Roof coming back to Ga. Tech staff
by Genaro C. Armas
Associated Press Sports Writer
January 10, 2013 12:47 AM | 1065 views | 0 0 comments | 8 8 recommendations | email to a friend | print
FILE - In this Aug. 9, 2012, file photo, Penn State defensive coordinator Ted Roof gestures during the team's NCAA college football media day practice in State College, Pa. (AP Photo/Gene J. Puskar, File)
FILE - In this Aug. 9, 2012, file photo, Penn State defensive coordinator Ted Roof gestures during the team's NCAA college football media day practice in State College, Pa. (AP Photo/Gene J. Puskar, File)
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STATE COLLEGE, Pa. — Well-traveled coaching veteran Ted Roof is on the move again after leaving Penn State following one season as defensive coordinator for the same job at his alma mater, Georgia Tech.

A statement on Georgia Tech’s website Wednesday said Roof’s hiring could not become official until he completed a background check which would likely occur next week.

“I’ve known Ted for a long time and I’m excited that he has decided to come back to Georgia Tech,” Yellow Jackets coach Paul Johnson said.

Roof, a Georgia native, also served as defensive coordinator for the Yellow Jackets under George O’Leary for three seasons starting in 1999. Roof played linebacker at Georgia Tech in the 1980s under Bill Curry.

Penn State coach Bill O’Brien moved immediately to fill the void by promoting secondary coach John Butler to defensive coordinator. Roof’s departure comes as somewhat of a surprise after a successful season coordinating O’Brien’s defense in the wake of landmark NCAA sanctions on the program for the Jerry Sandusky molestation scandal.

O’Brien and Roof have known each other for a while — O’Brien also coached at Georgia Tech under O’Leary from 1995-2001. O’Leary is now coach at Central Florida.

“I am very appreciative of Ted’s contributions to Penn State,” O’Brien said. “Ted is a great coach and person. He earned the respect of our players and they enjoyed playing for him. We wish Ted and his family well.”

Under Roof’s watch, Penn State was second in the Big Ten in scoring defense (19.1 points), first in sacks (34) and first in red-zone defense. He was also instrumental in opening up recruiting avenues in the South for Penn State, including backup quarterback Steven Bench.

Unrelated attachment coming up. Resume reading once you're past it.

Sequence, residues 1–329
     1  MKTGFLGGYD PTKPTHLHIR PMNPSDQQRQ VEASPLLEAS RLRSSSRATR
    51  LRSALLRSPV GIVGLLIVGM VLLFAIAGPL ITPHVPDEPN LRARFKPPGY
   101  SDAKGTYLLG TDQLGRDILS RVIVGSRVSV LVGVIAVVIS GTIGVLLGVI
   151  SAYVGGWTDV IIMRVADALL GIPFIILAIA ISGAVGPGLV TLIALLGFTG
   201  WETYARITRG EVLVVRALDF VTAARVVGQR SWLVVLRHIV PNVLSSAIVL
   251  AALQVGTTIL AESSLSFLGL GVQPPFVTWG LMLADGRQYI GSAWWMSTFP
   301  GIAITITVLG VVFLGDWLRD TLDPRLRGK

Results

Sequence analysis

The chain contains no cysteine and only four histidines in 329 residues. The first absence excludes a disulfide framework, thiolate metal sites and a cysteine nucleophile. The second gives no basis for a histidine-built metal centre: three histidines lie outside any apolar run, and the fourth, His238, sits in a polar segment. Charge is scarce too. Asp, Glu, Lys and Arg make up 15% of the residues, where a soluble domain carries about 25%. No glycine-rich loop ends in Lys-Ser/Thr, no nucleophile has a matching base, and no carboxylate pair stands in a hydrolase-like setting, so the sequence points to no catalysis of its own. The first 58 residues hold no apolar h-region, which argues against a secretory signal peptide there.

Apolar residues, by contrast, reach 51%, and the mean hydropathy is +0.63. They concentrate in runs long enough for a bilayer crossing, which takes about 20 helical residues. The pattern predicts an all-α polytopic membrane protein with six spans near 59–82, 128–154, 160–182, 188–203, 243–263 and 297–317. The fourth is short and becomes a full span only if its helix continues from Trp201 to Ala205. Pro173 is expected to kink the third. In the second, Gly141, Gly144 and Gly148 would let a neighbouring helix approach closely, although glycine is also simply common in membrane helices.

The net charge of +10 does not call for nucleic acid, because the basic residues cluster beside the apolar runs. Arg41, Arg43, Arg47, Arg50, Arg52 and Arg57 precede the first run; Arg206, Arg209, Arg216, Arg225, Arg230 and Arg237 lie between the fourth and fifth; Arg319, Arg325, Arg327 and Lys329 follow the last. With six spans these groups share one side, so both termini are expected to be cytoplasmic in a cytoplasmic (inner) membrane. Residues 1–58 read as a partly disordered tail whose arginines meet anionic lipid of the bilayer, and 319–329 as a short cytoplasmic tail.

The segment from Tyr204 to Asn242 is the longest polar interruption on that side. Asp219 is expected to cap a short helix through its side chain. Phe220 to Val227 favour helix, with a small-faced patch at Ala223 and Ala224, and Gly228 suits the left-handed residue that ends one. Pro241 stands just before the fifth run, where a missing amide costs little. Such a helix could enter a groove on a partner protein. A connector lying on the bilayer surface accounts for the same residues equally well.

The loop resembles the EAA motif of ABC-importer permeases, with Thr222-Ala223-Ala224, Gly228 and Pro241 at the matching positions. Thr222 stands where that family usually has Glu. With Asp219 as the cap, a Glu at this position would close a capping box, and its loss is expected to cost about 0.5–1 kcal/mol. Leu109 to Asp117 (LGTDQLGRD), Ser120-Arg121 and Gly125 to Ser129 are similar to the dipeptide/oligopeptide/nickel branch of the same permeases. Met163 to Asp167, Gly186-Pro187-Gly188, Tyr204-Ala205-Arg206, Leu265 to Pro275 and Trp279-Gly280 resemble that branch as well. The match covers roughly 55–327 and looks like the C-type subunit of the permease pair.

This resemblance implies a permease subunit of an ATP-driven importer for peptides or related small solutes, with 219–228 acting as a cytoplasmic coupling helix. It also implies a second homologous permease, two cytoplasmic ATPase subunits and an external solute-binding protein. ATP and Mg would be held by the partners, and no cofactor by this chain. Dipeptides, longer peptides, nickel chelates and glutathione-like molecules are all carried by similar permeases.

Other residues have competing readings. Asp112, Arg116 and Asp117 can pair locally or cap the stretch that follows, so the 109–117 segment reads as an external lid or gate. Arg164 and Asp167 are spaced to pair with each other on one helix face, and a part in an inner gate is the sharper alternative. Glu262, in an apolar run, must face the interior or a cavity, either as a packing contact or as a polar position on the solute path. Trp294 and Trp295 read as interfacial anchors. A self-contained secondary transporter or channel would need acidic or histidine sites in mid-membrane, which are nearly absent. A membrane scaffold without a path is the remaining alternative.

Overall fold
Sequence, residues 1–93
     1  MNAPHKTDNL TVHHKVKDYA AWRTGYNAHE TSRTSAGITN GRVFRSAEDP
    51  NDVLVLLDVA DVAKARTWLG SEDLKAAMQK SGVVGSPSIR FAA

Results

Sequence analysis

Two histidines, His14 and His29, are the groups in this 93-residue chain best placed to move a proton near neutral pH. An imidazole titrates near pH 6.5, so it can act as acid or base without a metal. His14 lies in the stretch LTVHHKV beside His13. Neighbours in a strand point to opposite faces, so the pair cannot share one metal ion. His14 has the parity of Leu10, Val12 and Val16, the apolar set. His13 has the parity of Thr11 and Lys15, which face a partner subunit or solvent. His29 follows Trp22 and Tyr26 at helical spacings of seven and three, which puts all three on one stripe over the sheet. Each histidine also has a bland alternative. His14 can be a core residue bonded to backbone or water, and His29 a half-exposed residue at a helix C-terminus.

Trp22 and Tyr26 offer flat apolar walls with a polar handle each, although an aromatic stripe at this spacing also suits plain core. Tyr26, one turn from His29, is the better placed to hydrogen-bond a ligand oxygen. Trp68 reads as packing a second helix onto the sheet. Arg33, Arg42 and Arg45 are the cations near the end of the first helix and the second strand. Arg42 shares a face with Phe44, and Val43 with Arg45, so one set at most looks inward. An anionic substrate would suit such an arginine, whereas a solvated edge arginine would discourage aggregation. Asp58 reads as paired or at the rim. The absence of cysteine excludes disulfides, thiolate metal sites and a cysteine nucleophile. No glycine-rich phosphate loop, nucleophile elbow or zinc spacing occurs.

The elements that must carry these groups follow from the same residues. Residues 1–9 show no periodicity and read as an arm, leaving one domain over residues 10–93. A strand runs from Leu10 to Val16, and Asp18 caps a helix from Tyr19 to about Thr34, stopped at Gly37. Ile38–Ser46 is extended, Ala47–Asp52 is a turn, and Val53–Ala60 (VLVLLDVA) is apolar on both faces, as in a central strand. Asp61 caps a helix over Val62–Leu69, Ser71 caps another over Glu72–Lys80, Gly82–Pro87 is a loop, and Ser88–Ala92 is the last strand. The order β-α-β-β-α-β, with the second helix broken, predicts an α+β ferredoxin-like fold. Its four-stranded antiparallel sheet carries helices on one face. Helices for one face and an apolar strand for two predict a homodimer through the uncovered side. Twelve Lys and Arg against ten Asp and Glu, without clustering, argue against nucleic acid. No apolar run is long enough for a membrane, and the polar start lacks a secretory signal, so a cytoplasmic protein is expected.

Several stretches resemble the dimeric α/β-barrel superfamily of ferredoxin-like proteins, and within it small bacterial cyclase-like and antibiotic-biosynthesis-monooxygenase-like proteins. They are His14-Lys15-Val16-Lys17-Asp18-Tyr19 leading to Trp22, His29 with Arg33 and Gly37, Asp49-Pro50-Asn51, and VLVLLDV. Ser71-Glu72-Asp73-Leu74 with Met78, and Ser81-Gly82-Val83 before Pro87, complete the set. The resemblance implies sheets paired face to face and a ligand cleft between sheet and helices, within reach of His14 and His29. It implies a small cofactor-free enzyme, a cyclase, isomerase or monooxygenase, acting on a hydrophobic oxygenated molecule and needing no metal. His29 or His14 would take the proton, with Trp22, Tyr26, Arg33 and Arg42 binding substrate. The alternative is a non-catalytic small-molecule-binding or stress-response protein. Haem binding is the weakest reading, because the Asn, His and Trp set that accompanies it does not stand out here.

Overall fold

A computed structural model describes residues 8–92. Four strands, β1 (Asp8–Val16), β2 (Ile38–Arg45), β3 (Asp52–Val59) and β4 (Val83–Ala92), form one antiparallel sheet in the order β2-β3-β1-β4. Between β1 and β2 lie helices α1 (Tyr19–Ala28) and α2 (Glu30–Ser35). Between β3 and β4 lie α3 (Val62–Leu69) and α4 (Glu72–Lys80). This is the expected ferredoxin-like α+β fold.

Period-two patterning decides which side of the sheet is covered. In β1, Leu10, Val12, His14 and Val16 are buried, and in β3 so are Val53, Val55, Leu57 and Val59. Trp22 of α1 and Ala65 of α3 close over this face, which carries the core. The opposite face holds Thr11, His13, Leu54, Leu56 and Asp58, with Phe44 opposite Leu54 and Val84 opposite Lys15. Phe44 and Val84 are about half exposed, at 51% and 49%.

Now, Roof will be asked to stabilize Georgia Tech’s defense after Johnson fired defensive coordinator Al Groh at midyear. At the time of Groh’s dismissal, Georgia Tech was 89th in points allowed (30.2 points) and 90th in total defense (431 yards per game).

Secondary coach Charles Kelly served as interim coordinator the remainder of the season.

Roof came to Penn State last year after serving as Central Florida’s defensive coordinator for less than a month. He landed that job under O’Leary just weeks after leaving Auburn following the 2011 regular season.

Roof directed the Tigers’ defense for three seasons, including the 2010 national championship season. Johnson called Roof “one of the most respected football coaches in the nation.”

Roof’s resume also includes one season as defensive coordinator at Minnesota (2008) and six seasons at Duke. He became the Blue Devils’ head coach in 2003, going 6-45 before departing in 2007; O’Brien was offensive coordinator at Duke from 2005-06.

It was at Minnesota where Roof had Butler as his linebackers coach and special teams coordinator.

In Happy Valley, Butler coached a secondary thin in depth that gradually improved through the season and fixed mistakes that led to early woes on third downs. He’s perhaps best known to Penn State fans for his animated sideline demeanor while encouraging or positioning players.

Butler has also coached at South Carolina. This will be his first season as a coordinator, though Penn State also has veteran assistants on that side of the ball: defensive line coach Larry Johnson and linebackers coach Ron Vanderlinden.

“John quickly developed a great relationship with all our players on defense and special teams,” O’Brien said. “And his ability to teach and relate to the players on and off the field will greatly assist in making this an easy transition.”

Just two days ago, O’Brien spoke to reporters of the desire to keep his coaching staff intact as much as possible to maintain continuity but also did not want to hold back his assistants from other potential opportunities.
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